In 2017, Donald Trump Jr. told congressional investigators that in June 2016 he had informed just two people about his upcoming meeting with a Russian government emissary during which Trump Jr. hoped to obtain incriminating information about Hillary Clinton: his brother-in-law Jared Kushner and Trump campaign chair Paul Manafort. But special counsel Robert Mueller’s report revealed a different story, noting that the president’s eldest son boasted of his efforts during a meeting of campaign staff attended by his brother Eric and sister Ivanka, among others. This apparent contradiction—and concerns that Trump Jr. also was not forthright about his knowledge of the Trump Organization’s pursuit of a Trump tower in Moscow during the 2016 campaign—led the Senate Intelligence Committee to subpoena Trump’s eldest son, according to Senate sources.
These discrepancies in the testimony by Trump Jr., who appeared before three congressional committees in 2017, underscore that the Trump-Russia scandal continues to pose a threat to President Donald Trump, his family, and his associates, confounding efforts by Trump and his allies to shut down the controversy.
In a September 7, 2017, interview with staff of the Senate Judiciary Committee, Trump Jr. faced a slew of questions about his June 9, 2016, Trump Tower meeting with that Russian emissary. One issue was whom he had told about a June 3 email he received from Rob Goldstone, a publicist for Emin Agalarov, a Russian pop singer whose father, Aras Agalarov, was a real estate mogul with Kremlin ties and who was Trump’s partner in the 2013 Miss Universe pageant held in Moscow. A senior Russian prosecutor, Goldstone wrote Trump Jr., had “offered to provide the Trump campaign with some official documents and information that would incriminate Hillary and her dealings with Russia and would be very useful to your father” as “part of Russia and its government’s support for Mr. Trump.” Trump Jr. responded enthusiastically—“If it’s what you say I love it”—and agreed to meet with the Russian representative, lawyer Natalia Veselnitskaya. Manafort, then the Trump campaign chair, and Kushner, President Trump’s son-in-law and adviser, also attended the meeting.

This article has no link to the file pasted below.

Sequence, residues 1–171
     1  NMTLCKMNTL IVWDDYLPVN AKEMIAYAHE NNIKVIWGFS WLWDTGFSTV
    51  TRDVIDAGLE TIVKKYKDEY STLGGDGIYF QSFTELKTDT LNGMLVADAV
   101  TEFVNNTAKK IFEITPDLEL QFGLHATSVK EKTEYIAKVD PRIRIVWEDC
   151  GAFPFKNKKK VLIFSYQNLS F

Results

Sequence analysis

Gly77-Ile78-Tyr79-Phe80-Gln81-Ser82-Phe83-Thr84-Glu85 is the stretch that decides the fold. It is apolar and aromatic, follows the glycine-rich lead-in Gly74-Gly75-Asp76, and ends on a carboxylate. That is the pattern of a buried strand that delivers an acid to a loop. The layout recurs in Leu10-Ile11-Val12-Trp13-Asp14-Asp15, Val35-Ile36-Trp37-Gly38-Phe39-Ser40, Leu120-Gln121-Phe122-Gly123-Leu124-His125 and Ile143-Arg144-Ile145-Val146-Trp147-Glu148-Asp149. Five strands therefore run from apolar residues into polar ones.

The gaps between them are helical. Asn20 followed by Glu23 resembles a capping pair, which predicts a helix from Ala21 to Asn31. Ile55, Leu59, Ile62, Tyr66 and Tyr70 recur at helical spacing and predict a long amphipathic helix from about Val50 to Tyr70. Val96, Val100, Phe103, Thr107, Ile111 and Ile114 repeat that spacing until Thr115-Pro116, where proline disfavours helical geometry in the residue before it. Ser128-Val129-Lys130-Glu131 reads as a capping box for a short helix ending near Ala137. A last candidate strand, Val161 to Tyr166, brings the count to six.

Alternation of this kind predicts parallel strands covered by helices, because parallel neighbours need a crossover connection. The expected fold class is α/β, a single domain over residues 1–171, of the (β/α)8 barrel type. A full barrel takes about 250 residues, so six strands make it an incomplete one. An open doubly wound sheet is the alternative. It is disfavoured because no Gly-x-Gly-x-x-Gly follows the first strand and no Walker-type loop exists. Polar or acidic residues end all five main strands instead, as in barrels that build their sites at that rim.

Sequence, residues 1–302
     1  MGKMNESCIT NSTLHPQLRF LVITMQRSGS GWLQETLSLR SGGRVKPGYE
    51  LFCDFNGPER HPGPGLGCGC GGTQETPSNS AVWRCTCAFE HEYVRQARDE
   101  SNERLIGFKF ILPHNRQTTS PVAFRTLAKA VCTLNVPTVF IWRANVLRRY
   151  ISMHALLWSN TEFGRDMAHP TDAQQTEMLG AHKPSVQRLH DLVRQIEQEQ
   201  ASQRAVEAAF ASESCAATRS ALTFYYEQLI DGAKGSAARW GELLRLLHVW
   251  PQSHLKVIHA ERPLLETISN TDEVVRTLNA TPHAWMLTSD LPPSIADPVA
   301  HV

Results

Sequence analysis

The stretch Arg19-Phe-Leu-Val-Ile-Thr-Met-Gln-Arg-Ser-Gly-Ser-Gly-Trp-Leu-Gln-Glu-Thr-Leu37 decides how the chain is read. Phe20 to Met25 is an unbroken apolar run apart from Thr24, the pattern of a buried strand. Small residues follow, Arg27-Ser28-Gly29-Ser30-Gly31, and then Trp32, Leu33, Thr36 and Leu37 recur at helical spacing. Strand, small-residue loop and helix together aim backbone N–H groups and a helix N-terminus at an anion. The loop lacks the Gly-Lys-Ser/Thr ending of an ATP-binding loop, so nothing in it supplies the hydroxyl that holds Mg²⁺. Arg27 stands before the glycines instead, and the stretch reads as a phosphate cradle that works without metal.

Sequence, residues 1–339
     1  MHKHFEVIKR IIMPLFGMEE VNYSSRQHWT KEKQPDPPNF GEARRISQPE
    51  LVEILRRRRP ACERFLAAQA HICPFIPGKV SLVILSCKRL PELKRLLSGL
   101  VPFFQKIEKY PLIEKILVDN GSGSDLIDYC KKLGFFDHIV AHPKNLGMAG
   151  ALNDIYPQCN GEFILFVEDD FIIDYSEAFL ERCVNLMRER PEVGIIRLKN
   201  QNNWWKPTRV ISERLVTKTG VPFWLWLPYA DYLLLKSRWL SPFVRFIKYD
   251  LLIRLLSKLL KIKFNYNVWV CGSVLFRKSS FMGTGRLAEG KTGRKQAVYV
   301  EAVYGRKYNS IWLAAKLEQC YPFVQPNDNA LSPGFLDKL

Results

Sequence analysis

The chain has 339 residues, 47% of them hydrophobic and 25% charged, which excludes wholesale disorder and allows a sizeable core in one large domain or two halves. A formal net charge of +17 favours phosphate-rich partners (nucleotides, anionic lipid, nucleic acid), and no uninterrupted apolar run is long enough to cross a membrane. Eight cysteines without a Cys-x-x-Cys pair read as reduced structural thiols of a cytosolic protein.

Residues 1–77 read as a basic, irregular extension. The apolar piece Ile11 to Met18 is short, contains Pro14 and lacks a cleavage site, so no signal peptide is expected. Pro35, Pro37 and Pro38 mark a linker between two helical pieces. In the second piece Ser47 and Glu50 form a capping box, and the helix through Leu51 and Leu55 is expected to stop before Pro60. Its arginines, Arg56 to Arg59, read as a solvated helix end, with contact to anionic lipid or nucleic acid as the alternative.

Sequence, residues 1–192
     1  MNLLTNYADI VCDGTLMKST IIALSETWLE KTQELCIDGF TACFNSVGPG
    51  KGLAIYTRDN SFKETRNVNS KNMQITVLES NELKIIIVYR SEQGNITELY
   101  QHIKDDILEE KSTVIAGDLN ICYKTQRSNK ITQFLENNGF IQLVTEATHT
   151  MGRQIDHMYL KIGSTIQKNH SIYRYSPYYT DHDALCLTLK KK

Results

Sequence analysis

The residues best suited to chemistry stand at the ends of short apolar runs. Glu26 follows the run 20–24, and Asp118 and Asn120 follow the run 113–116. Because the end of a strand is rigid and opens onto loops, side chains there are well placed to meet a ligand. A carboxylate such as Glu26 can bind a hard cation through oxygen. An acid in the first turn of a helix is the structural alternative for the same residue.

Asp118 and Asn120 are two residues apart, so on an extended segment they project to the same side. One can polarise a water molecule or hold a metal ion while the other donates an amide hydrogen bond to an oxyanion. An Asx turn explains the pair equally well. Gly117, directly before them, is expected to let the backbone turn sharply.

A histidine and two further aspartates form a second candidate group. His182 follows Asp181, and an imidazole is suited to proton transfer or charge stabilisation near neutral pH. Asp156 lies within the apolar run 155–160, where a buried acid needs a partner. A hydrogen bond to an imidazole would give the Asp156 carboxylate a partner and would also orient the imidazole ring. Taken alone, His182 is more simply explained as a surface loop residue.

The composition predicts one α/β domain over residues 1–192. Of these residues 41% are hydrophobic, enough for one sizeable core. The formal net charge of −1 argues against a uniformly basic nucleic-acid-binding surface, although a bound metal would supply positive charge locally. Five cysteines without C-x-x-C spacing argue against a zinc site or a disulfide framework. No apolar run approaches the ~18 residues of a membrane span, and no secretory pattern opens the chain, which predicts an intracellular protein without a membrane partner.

Trump Jr. told the Judiciary Committee that he informed “only Jared Kushner and Paul Manafort” about Goldstone’s offer. And he stuck to that claim when a committee lawyer asked if there was anyone else. “No,” Trump Jr. said. “Not to my recollection.” Trump Jr. also said that he recalled telling Manafort and Kushner of the meeting only via email. “I sent them the email and asked if they could attend.”
The Judiciary Committee interview is public. Transcripts of Trump Jr.’s interviews with the House and Senate Intelligence committees, both in December 2017, have not been released. But a Senate source says that Trump Jr. also told the Senate Intelligence Committee that he had only alerted Kushner and Manafort about Goldstone’s offer before the meeting.
Mueller’s report, a redacted version of which was released last month, included a different account. It stated that Rick Gates, who was deputy Trump campaign manager, said in interviews with the special counsel’s office that before the sit-down with Veselnitskaya, “Trump Jr. announced at a regular morning meeting of senior campaign staff and Trump family members that he had a lead on negative information about the Clinton Foundation.” Gates said that Eric Trump, Hope Hicks, Manafort, Ivanka Trump, and Kushner also attended the meeting. Gates also recalled that Trump Jr. claimed the information came from a group in Kyrgyzstan, where Agalarov does business. According to Gates, Trump Jr.’s announcement sparked a discussion, with Manafort warning the group that “the meeting likely would not yield vital information and they should be careful.”